Let me give you an illustration of what I mean. Let’s use ‘standardised testing’. There are a lot of conversations happening around this topic and many parents, teachers express their dislikes of this constant ‘testing’ but yet we all contribute to its continued application – here’s a systemic view of how we do this:

The government: imposes new policies and strategies on a regular basis, most of whom tend to focus on attainment and obsessively measures progress through standardised testing and put pressure on schools (and teachers) to perform via Ofsted. It also reduces funding. It produces league tables based on these results for the different regions/areas in the UK

Schools and teachers: Apply these policies and measures. They strive to be on the top of these league tables (because their funding depends on it) and spend a lot of time preparing pupils for and testing pupils. At parents evenings, teachers tell us where our children are in terms of attainment:  ‘working towards, on target, or working beyond target’.

Parents: We consciously or unconsciously accept these policies by accepting this concept of attainment and of A* pupils, as mentioned before sometimes taking drastic measures such as moving to a new areas to get into a ‘better school’ or spending money to educate our children privately to guarantee a better education thus feeding the system of ‘standardised testing’ and ‘attainment’. At parents’ evenings we sit there and want to know how well our children are achieving.

Children: Start to believe that their marks and results gives them an identity, a label. They believe that they are ‘clever’ ‘bright’ or ‘intelligent’ because they got straights As or A*s. Some stop being curious and interested in learning and sometimes get bored because they spend an awful lot of time going through ‘practice exam tests’.

From this systemic overview, I hope you can clearly see how each of us has an impact on the whole? Yet as Senge says ‘we tend to focus on snapshots of isolated parts of the system (what the government or schools do for example) and wonder why our deepest problems never seem to get solved (2006:7).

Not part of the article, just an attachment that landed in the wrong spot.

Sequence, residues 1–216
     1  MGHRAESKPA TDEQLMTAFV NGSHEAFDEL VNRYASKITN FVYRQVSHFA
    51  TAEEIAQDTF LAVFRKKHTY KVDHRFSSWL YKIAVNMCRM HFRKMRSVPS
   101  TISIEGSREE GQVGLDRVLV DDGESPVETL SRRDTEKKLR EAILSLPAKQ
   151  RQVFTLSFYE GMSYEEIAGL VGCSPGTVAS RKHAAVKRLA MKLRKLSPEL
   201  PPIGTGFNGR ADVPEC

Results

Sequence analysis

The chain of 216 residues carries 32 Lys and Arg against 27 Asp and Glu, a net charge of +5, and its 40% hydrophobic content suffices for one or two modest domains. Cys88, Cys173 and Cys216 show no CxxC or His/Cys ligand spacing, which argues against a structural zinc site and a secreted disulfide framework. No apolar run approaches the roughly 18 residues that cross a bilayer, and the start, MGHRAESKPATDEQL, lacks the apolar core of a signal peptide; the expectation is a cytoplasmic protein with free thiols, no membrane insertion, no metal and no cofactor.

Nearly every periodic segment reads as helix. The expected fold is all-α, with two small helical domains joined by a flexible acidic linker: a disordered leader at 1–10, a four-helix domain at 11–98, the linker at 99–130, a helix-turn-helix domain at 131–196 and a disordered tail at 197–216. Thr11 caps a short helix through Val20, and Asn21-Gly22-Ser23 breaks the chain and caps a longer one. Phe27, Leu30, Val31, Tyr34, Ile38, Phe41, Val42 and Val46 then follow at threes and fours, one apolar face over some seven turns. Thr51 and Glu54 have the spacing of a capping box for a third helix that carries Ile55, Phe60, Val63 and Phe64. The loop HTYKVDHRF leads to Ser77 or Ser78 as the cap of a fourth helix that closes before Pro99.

Change in Education can therefore only happen if we take a more systemic approach and we ALL work together and we stop seeing each other as separate, unrelated forces.

I am not suggesting that I have the answer to this but I believe that there is amazing work being carried out by other countries such as Finland who do not value academic attainment and do not test their pupils constantly but who totally value and trust their teachers (see article here).  We could use the Finns as an exemplar to guide us and to see how we could approach the education of our young children from a much more systemic way rather than the traditional cause and effect approach and most importantly from a perspective where “teaching to the test” becomes an alien concept and where competition, and league tables do not exist.

As a researcher, I feel that this is one the most important and vital points to focus on because working at a University, which is the last part of the Educational system, I see the effects on young people produced by years spent in this system.

It is high time to look at other options so that we can implement a more systemic approach to education, be inspired by other countries and learn from their experience so that we can introduce relevant and meaningful changes.

What do you think? Feel free to comment below (and to agree/disagree with me).


Senge, P.M The fifth Discipline: The art and practice of the Learning Organisation. New York. Doubleday/Currency (1990, 2006)

Flourishing Education